Many New car kits come with Nylon and Sintered Brass Ring type bearings. My advice is to discard these before initial installation and buy a good Hop-up set of Shielded Steel Ball Bearings. Or if you are serious about your racing, Teflon or Ceramic Bearings.

   One final piece of advice about the Setup of your Car. Keep the Centre of Gravity as low as possible. Ride Height is all important. For On Road Drift/Touring cars the Ride Height should be no more than 5mm, for Buggys, Trucks, Truggys and Monster Trucks, as low as possible depending on the track conditions. If Body Roll is a problem, handling can be improved with the use of Stabilizers, Anti roll or Sway Bars, stiffer Tuning Springs and, or thicker Silicon Oil in the Dampers. Also find somewhere to mount the Transponder as low in the Chassis as possible.

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Or, check out our RC Model Car Setup Guide

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Manufacturers and Brands Catalogued and Listed by RC-Scrapyard.


   At present, the RC Model Manufacturers, Brands and Distributors covered by us are: ABC Hobby, Academy, Acme Racing, Agama Racing, Amewi, Ansmann Racing, ARRMA, Team Associated, Atomic RC, Axial, AYK, Bolink, BSD Racing, Capricorn, Carisma, Carson, Caster Racing, Cen, Corally, Custom Works, Durango, Duratrax, ECX - Electrix, Exceed RC, FG Modellsport, FS-Racing, FTX, Fujimi, Gmade, GS-Racing, Harm, HBX, Helion, Heng Long, Himoto Racing, Hirobo, Hitari, Hobao, Hong-Nor, Hot Bodies, HPI, HSP, Intech, Integy, Jamara, JQ Products, Kawada, Kyosho, Losi, LRP, Maisto, Mardave, Marui, Maverick, MCD Racing, Megatech, Mugen, New Bright, Nichimo, Nikko, Nkok, Ofna, Pro-Pulse, Protech, PTI, RC4WD, Redcat Racing, RJ-Speed, Robitronic, Schumacher, Seben, Serpent, Smartech, Sportwerks, Step-Up, Tamiya, Team-C Racing, Team Magic, Thunder Tiger, Tomy, Top Racing, Traxxas, Trinity, Tyco, Vaterra RC, Venom, VRX Racing, WLToys, X-Factory, Xmods, Xpress, Xray, XTM, Yankee RC, Yokomo, ZD Racing and Zipzaps.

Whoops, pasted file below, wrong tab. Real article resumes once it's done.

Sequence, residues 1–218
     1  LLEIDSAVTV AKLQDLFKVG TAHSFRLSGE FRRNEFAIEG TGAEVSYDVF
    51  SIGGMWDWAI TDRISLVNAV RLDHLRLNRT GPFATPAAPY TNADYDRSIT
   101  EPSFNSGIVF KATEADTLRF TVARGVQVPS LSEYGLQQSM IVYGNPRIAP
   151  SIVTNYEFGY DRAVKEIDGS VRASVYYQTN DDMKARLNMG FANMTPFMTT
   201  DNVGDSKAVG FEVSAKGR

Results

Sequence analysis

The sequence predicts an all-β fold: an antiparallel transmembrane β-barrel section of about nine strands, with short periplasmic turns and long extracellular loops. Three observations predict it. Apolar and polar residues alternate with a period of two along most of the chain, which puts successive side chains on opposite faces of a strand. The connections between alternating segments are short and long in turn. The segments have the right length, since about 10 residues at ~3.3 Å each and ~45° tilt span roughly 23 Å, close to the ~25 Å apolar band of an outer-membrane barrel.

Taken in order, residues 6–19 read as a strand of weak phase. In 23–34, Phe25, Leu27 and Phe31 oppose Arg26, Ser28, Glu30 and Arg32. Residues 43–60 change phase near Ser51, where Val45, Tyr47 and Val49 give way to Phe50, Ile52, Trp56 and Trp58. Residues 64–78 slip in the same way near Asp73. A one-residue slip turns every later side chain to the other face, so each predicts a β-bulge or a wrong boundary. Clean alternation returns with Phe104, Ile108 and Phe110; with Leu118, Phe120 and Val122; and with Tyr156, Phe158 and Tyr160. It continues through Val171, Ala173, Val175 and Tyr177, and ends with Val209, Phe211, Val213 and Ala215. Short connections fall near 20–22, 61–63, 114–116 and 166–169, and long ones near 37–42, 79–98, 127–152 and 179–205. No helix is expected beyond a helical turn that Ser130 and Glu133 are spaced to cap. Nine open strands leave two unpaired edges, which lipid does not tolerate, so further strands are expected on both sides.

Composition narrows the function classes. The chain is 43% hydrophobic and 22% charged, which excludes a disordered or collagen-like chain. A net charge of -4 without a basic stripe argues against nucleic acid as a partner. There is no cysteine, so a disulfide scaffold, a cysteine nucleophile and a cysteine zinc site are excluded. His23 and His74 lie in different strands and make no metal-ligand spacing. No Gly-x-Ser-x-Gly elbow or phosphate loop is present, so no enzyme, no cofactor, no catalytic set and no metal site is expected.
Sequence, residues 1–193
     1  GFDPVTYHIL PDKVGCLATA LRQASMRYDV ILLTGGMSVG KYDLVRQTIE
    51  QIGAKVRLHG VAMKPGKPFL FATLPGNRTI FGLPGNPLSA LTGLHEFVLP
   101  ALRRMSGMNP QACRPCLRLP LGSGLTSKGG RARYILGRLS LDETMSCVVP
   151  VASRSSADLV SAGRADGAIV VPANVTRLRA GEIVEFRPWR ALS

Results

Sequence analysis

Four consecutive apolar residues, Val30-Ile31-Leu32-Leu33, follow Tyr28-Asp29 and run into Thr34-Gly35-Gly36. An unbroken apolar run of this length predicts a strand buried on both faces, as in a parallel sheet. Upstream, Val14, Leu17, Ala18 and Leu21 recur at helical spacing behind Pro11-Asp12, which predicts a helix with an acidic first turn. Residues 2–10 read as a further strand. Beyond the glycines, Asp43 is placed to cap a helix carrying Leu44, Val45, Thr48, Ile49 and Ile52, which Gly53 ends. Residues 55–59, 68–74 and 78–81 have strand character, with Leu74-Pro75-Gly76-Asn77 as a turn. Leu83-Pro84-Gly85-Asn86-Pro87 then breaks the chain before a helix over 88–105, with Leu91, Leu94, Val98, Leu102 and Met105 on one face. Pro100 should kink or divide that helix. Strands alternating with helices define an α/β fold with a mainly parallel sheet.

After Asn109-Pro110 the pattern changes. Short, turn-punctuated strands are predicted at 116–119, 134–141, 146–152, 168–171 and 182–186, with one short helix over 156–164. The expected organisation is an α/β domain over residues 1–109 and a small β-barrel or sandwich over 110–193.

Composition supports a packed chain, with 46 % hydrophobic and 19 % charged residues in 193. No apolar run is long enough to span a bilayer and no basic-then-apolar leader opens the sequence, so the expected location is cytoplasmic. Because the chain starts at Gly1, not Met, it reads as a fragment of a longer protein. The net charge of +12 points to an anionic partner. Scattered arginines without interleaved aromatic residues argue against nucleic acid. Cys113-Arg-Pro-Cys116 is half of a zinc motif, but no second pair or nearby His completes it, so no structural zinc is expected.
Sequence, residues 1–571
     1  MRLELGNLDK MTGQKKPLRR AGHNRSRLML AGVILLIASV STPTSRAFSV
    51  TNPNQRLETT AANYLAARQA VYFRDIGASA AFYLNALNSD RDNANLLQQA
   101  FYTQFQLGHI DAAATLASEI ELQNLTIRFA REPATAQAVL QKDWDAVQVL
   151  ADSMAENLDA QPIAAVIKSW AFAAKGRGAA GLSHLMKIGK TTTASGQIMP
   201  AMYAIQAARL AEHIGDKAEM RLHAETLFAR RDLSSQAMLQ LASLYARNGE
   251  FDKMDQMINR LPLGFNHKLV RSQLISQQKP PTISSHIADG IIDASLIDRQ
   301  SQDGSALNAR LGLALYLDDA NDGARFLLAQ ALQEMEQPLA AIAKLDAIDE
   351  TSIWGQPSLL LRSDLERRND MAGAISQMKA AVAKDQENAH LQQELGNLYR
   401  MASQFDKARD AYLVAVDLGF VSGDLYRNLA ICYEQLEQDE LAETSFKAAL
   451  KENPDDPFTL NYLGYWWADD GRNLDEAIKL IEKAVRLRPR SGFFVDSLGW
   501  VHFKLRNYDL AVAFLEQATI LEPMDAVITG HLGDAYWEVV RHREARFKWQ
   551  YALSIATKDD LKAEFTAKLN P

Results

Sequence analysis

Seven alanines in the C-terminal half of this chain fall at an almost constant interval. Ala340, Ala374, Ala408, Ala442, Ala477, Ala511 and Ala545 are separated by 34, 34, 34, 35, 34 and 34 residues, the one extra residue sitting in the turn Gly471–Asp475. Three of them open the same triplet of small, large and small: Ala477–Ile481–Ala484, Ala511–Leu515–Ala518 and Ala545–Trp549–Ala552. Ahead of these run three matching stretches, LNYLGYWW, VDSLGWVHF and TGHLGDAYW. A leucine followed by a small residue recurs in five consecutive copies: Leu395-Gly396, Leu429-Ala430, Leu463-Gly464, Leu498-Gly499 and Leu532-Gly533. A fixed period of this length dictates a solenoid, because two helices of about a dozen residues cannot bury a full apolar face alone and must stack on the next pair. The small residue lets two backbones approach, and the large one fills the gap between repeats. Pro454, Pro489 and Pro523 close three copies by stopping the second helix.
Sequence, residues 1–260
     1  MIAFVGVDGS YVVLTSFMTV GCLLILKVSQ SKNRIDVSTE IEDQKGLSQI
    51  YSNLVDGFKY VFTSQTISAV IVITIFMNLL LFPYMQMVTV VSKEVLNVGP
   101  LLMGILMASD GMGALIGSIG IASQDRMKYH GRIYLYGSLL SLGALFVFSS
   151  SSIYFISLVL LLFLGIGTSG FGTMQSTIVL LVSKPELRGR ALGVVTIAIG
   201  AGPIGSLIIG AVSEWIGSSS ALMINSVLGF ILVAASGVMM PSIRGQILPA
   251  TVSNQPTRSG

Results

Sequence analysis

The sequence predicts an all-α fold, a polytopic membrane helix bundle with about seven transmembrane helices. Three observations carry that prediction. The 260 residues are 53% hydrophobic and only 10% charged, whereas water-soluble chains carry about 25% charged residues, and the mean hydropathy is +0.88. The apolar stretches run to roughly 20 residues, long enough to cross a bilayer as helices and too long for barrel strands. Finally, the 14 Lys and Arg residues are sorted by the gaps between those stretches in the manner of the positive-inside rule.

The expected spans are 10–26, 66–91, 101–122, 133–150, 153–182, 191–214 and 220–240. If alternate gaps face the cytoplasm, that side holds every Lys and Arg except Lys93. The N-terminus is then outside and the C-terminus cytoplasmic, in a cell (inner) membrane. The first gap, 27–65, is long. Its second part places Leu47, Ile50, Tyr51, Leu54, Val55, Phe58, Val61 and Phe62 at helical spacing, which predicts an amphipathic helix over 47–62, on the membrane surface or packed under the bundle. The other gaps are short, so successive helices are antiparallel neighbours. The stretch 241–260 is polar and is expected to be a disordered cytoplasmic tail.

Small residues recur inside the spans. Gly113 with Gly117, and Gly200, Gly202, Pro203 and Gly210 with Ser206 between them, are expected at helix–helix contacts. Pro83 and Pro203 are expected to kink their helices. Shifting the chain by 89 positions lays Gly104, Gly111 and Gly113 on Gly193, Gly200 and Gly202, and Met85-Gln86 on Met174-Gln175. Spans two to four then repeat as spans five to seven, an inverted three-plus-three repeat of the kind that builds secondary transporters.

This is an ongoing project, with new and "lost in time" RC Model Brands being added as they are found and although most of those listed above have been covered in relative detail, some are still being researched and will be completed in the near future.


















Hints and Tips

Emergency Plastic Part Repairs

   It always happens when you least expect it. You are racing hard; and suddenly some idiot decides to side swipe you' and break your front wishbone. Even though you may carry spare parts for just about everything on your car, it always seems to be the same part that breaks and although you made a mental note the last time it happened to get a replacement you soon realise those mental notes were not worth the paper they are written on.

   So there you are, in the middle of nowhere with no spares. You ask around and no one has anything like your car, least of all parts for it and the closest model shop is 100 miles away. What are you supposed to do now?

   Some kind of repair is your only option.

   The one thing quite a few people think of first is superglue, but that kind of repair won't even get you around the first corner.

   What you need is something much stronger and the only way you can do that requires a good quality soldering iron, the plastic sprue (the bit left over when you remove all the parts for your car) or another broken part made from the same plastic.